4 Fundamental Differences in Sharia Cash Loans and Conventional Loans – Even though they have been around for a long time in society, there are still many people who do not understand the difference between Islamic cash loans and conventional bank loans.
This is indeed not surprising considering that many people still do not understand the principles used in Islamic banks compared to what is used by conventional banks.
Islamic cash fund loans
It must be recognized that the presence of Islamic banks provides more financial product options to the public. As with conventional bank financing, Islamic cash fund loans can be accessed by anyone who needs an injection of funds, both for business purposes and to meet consumptive needs.
In addition to banks that are specifically built with sharia foundations, now many well-known banks in Indonesia have also opened special sharia-based branches, which means that people no longer need to worry about the level of professionalism and services provided.
However, people should still learn to understand what are the differences between Islamic cash loans and conventional bank loans. This can be taken into consideration when wanting to apply for a loan.
4 Fundamental Differences in Sharia Cash Fund Loans and Conventional Loans
In conventional loans, a loan or credit is given on a loan agreement and thus the debtor or borrower is required to return it together with interest.
However, in Islamic principles, interest is not permitted at all because it is considered usury. Therefore, in sharia cash fund loans do not recognize the principle of the interest contract, but using a capital sharing or sale and purchase agreement, ijarah wa iqtina or lease with changes in ownership and or capital sharing.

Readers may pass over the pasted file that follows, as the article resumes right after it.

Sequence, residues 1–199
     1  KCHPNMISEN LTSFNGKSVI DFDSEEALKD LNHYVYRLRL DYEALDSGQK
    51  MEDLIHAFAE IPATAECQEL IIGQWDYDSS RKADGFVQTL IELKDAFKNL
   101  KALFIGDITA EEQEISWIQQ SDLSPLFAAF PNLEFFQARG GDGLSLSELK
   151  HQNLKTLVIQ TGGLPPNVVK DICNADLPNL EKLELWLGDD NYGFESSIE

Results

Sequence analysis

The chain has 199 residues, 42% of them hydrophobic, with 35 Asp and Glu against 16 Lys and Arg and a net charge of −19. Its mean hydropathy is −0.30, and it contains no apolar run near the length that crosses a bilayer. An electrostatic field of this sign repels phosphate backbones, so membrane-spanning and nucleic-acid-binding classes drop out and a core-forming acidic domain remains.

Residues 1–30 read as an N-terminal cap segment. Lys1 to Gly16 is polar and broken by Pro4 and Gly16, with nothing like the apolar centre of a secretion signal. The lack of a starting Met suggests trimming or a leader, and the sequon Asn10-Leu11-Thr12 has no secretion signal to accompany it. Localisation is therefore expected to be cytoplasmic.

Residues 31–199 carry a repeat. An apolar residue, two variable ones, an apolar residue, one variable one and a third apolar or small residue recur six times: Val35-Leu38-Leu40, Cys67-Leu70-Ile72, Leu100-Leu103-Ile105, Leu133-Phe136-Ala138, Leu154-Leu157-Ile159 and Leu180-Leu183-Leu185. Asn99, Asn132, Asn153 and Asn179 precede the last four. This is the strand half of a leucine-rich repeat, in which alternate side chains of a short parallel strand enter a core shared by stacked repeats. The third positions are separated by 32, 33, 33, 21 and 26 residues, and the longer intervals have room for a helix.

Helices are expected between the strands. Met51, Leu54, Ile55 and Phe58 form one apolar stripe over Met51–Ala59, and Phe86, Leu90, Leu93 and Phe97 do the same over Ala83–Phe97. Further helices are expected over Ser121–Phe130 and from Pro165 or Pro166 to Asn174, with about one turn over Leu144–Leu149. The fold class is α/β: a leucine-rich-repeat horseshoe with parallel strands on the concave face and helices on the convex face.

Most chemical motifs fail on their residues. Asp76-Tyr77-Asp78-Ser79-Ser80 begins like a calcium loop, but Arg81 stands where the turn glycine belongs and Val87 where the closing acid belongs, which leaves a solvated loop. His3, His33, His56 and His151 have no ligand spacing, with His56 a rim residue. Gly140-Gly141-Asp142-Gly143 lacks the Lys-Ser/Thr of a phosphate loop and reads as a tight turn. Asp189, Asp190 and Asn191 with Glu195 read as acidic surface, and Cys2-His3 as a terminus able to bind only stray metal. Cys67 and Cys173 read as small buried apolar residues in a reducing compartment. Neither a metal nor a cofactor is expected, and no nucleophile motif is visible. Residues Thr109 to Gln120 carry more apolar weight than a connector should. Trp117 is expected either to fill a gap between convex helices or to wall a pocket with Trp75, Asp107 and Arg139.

In a capital sharing contract, the bank acts as the purchaser of the object desired by the debtor or customer. Then, the bank will sell the object to the customer at a certain price margin. Example: a customer wants to buy a car with a price of USD 150 million.
By the bank, the car will be purchased which will then sell it back to customers who want it at a price of USD 155 million. The amount will be paid in installments by the customer within a certain period. The difference in price or profit is the profit of the bank.
In ijarah wa iqtina, the bank will buy the goods desired by the customer. Here, customers only have to rent the object for a certain period. However, after the item is used for a certain period, the customer can decide to buy it.
In the mutanaqishah principle, both banks and customers put capital in a matter, for example, a bank provides financing of 60% of the purchase of a car and the customer is subject to 40%. In the future, customers can buy a portion of bank ownership that makes the car as their own property.
Share the Risk
In a conventional financing system, the customer fully bears the risk if he cannot return the loan. In sharia principles, the bank as a creditor also bears some of the risks.
Example: a customer borrows USD 100 million with conventional credit for business capital. Here, customers as creditors are required to repay the loan principal with the specified interest even though the business only generates USD 75 million.
With an Islamic cash loan, if the customer borrows USD 100 million for business capital, the bank will also bear some of the loss if it turns out that the business only generates USD 75 million.
In Islamic financing, funds must be channeled for halal interests. Therefore, customers must include the intended use of the funds and their use must also not deviate from this.
In terms of documents, both Islamic cash loans and conventional loans are not much different. One thing that makes a difference is that Islamic loans offer products that can be used for certain purposes that are not contained in conventional loans, for example for education, Hajj and Umrah financing, and so forth.
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